Robo advisors also have some disadvantages. These services are not 100% personalized (yet). Even though an investor’s main concern is the desired returns, humans always have specific and different needs, which they want to express with another human, to feel understood or assured. There are no face-to-face meetings with a robo advisor. When the market suddenly expresses a drastic correction, the robo advisor will not calm you down with its experience and knowledge on how financial markets work.
In which context are robo advisors relevant?
To fully understand the context for robo advisors, see the investment options below. Robo advisors are especially relevant in the latter two categories (see explanations below):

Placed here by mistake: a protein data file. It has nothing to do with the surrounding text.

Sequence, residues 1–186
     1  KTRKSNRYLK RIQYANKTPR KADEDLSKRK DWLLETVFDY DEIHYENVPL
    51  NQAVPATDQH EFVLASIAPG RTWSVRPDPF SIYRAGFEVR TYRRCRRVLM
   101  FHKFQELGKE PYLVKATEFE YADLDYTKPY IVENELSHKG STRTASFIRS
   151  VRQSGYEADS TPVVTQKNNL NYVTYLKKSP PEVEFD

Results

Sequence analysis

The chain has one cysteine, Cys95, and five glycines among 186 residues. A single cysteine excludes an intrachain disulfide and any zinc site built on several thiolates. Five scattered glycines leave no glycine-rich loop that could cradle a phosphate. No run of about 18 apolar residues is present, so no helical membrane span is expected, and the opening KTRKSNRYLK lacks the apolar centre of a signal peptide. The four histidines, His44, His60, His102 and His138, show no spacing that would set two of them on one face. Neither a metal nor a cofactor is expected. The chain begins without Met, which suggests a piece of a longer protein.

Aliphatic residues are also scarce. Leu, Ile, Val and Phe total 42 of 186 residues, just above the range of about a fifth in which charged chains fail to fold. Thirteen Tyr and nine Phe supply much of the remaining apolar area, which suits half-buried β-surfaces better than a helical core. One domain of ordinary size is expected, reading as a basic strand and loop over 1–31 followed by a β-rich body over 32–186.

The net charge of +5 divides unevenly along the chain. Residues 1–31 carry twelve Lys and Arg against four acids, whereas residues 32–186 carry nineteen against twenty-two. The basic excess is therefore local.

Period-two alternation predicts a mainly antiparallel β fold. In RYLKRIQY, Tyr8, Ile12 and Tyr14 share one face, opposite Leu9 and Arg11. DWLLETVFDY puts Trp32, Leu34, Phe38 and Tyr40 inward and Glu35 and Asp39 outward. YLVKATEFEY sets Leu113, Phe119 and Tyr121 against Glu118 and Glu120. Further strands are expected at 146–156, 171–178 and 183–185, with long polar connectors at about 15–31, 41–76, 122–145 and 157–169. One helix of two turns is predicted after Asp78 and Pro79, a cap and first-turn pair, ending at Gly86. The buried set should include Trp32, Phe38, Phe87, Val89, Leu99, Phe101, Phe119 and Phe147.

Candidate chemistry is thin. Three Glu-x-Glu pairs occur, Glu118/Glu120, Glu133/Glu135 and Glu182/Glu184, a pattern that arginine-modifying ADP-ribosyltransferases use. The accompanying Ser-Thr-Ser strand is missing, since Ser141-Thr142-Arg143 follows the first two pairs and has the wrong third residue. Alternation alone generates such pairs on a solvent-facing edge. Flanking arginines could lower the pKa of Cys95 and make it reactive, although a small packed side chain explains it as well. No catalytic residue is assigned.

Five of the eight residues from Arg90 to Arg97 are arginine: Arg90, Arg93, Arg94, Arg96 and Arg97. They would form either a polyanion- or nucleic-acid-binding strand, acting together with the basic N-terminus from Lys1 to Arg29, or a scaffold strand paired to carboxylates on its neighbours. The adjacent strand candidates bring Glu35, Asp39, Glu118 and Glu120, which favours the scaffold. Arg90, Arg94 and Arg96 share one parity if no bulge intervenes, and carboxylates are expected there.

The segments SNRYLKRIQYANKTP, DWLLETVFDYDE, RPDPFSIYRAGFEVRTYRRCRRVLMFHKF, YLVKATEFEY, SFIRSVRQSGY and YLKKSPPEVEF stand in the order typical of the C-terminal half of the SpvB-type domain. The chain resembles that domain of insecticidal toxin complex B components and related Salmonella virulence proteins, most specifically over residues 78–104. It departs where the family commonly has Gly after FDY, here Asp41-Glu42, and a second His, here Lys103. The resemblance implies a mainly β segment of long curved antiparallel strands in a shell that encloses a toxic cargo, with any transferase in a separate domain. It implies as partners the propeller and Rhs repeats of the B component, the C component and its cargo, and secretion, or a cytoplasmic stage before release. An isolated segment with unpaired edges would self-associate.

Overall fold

Usually when people start to invest, they start small and just try their luck by themselves. Often, simple financial instruments, such as stocks, are chosen. This is also known as execution-only investing. Guided investing, or investing in index funds or mutual funds, is particularly easy since investors do not have to look back often or make big decisions (e.g., they just follow the index). So far, banks don’t offer actual advice during investment decisions. The next categories, personal banking and wealth management, can have many different names and forms, often with many varieties and different limits. Personal banking is often investing with advice from an advisor with a minimum investment (limits/naming can differ among banks). You can choose to receive advice or fully trust the advisor; either way, a team of experts will manage your portfolio and potentially offer additional services too. The last category is also known as private banking. Often, these services are offered for the wealthy (HNWIs). Wealth management firms are highly specialized, with an expert team of bankers that cater to a larger set of needs of HNWIs from an investment and lifecycle perspective.